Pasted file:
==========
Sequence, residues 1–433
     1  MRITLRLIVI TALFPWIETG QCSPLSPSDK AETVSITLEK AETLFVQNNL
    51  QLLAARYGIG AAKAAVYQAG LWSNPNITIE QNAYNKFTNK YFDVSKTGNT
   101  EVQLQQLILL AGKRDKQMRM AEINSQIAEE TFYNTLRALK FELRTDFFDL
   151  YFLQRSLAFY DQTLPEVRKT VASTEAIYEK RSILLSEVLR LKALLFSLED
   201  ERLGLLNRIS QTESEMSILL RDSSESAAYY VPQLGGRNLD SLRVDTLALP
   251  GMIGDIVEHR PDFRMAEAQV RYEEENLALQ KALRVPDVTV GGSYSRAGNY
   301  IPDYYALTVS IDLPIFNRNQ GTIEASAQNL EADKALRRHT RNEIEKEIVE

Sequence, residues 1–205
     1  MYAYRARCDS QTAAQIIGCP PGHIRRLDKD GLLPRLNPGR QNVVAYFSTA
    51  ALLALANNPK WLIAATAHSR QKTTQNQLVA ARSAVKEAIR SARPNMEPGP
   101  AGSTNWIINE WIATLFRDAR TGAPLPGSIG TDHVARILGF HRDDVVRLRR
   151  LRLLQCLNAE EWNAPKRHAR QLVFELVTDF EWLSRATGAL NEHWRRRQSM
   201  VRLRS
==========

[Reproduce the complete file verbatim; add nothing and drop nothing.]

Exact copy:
Sequence, residues 1–433
     1  MRITLRLIVI TALFPWIETG QCSPLSPSDK AETVSITLEK AETLFVQNNL
    51  QLLAARYGIG AAKAAVYQAG LWSNPNITIE QNAYNKFTNK YFDVSKTGNT
   101  EVQLQQLILL AGKRDKQMRM AEINSQIAEE TFYNTLRALK FELRTDFFDL
   151  YFLQRSLAFY DQTLPEVRKT VASTEAIYEK RSILLSEVLR LKALLFSLED
   201  ERLGLLNRIS QTESEMSILL RDSSESAAYY VPQLGGRNLD SLRVDTLALP
   251  GMIGDIVEHR PDFRMAEAQV RYEEENLALQ KALRVPDVTV GGSYSRAGNY
   301  IPDYYALTVS IDLPIFNRNQ GTIEASAQNL EADKALRRHT RNEIEKEIVE

Sequence, residues 1–205
     1  MYAYRARCDS QTAAQIIGCP PGHIRRLDKD GLLPRLNPGR QNVVAYFSTA
    51  ALLALANNPK WLIAATAHSR QKTTQNQLVA ARSAVKEAIR SARPNMEPGP
   101  AGSTNWIINE WIATLFRDAR TGAPLPGSIG TDHVARILGF HRDDVVRLRR
   151  LRLLQCLNAE EWNAPKRHAR QLVFELVTDF EWLSRATGAL NEHWRRRQSM
   201  VRLRS